Coffeegirl63's Blog

Like Chickens With Our Heads Cut Off November 12, 2011

Filed under: Friends,Odd Interests,Writing — coffeegirl63 @ 12:21 pm

A couple months ago, I wrote a piece on words. I truly do enjoy words. I also enjoy the cadence of language. Remember in my words piece that I mentioned my friend who feels the words in his mouth? He may also feel the cadence, since it is generally the entire phrase or sentence he repeats. Alliteration gives me a little thrill every time. Puns and word plays are probably my favorites. Some time ago, my sister sent me a comic (which I tried to find so I could post here) showing a scrabble-like board with a few letter tiles on it and several letter tiles on the floor. One guy was searching through the tiles on the floor, and a couple other guys were standing by watching him. The caption said, “It’s all fun and games, until someone loses an ‘I’!” I thought it was hilarious… laughed out loud. Not everyone would see the humor in that (thank you, Jeanice, for laughing out loud with me), but our world works in wonderful and mysterious ways because we don’t all see things the same way.

I have noticed that people who have a strength in a certain area will have a finer sense of the correct and incorrect in that area. For example, I had never questioned the accuracy of touting a product as “chemical-free” until my scientist friend said, “That’s impossible… everything is made of chemicals. If it were chemical-free, it wouldn’t exist!” Well, of course, I know that. I also know the point the manufacturer was making in his ad. However, since chemistry is not an area of strength for me, I never caught the error. A director may view the world through a camera lens, or he may (in his head) edit every film he sees. An artist may view the world as laid out on a canvas, and she will see beauties and flaws in a painting that I never would notice. I tend to edit what I see and hear. Most of the time I’m not judging the writer’s or the speaker’s intelligence (I’m ashamed to say that, once in a while, I do judge, but I’m working on it), I’m just making it right in my own head. One of the most painful-in-my-ears grammar errors is incorrect use of pronouns, especially reflexive pronouns. I know! Who even knows what that means? My good friend Mandy Houk, English teacher and delightful writer, can give you the technical definition. You can read her writing at http://forbetterforworseforlife.wordpress.com/.

I’m not sure when it happened, but somewhere along the way, the myth was spread that using the word “me” was self-centered and evil. Why is one so comfortable saying, “Johnny gave the gift to me,” but must change pronouns when involving anyone else–”Johnny gave the gift to Julia and I”? Fingernails on a chalkboard! Of course, it’s just as painful to hear, “Johnny and me gave the gift to Julia.” You would never say (Oh, PLEASE say you would never say), “Me gave the gift to Julia,” would you? As I said, the most painful of all, to me, is the misuse of reflexive pronouns–myself, yourself, himself, etc. I’ve noticed it in business more than anywhere else. For example, “If you have any questions, please feel free to contact Jeanice or myself.” Ok, there is no place in this reality that allows me to contact yourself. It’s impossible. Let’s just take responsibility where it is ours to take. I can contact myself, you can contact yourself, I can contact you, and you can contact me. Clear? Good. Now…. right before I step off my grammar soapbox, I have a request. If I ever express my gratitude to you, there are a number of responses that are appropriate: “you’re welcome,” “absolutely,” “my pleasure,” even “whatever, man!” However, I think I would rather read no response at all than to read, “your welcome” because my first response is always, “my welcome what?”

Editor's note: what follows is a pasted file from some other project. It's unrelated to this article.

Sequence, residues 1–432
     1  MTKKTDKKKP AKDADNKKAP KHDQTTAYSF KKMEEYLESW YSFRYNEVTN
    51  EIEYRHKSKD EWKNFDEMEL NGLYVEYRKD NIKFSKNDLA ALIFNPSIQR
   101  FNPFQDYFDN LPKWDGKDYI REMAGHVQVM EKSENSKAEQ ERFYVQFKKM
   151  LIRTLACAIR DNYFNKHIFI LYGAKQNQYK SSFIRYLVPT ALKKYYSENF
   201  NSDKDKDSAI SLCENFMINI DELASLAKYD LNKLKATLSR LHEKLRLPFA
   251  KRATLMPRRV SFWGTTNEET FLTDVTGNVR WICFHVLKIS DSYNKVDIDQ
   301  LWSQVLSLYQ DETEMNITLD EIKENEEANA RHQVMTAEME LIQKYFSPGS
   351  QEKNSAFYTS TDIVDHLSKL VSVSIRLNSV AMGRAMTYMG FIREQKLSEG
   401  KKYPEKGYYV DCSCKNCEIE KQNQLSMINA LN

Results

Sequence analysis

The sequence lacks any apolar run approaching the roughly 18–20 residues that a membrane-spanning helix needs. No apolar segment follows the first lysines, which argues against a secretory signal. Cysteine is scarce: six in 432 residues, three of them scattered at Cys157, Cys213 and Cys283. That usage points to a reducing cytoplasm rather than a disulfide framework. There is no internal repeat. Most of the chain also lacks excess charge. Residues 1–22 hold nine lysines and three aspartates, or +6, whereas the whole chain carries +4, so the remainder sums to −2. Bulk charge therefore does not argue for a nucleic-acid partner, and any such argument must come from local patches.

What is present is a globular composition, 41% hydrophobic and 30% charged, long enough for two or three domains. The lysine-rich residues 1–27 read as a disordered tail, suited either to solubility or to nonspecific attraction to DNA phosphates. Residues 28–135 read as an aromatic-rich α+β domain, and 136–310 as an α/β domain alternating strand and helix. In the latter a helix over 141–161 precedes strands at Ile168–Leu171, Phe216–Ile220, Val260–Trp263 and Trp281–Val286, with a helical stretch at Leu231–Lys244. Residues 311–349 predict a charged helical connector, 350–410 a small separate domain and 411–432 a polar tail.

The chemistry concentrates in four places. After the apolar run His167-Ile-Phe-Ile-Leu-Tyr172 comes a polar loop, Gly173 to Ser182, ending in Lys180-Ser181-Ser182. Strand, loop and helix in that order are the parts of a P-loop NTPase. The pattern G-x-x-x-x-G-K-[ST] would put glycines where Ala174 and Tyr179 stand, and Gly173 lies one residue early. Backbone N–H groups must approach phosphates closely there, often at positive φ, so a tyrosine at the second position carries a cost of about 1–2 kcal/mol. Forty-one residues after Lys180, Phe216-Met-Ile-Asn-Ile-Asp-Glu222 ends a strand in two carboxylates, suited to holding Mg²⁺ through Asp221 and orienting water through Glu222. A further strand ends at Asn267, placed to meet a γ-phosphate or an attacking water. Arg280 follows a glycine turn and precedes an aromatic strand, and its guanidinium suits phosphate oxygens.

Ok, I’m done ranting. Painful, I know. I do apologize. Once I start… :-/

One side of noticing nuances in the English language is the great stories it affords one. Currently, I’m writing in four blogs–this one, which is just for fun; two professional blogs, human resources and payroll; and another which you’ll never get to know about because it’s private and I only write for my counselor, and even she doesn’t get to read everything I write. In my latest payroll post, I told the following story:
I was working with a new vendor–new to me, but also relatively new in his company. He sent me an email shortly after we established our working relationship, at the end of which he said, “thank you for baring with me.” Umm. Ok, I let it go. However, the next email was addressed to me, with cc’s to his boss, his boss, and my boss. It ended with, “Joni, I really appreciate that you bare with me whenever we work together. It’s been really fun to get to know you.” I replied, just to him, with the following,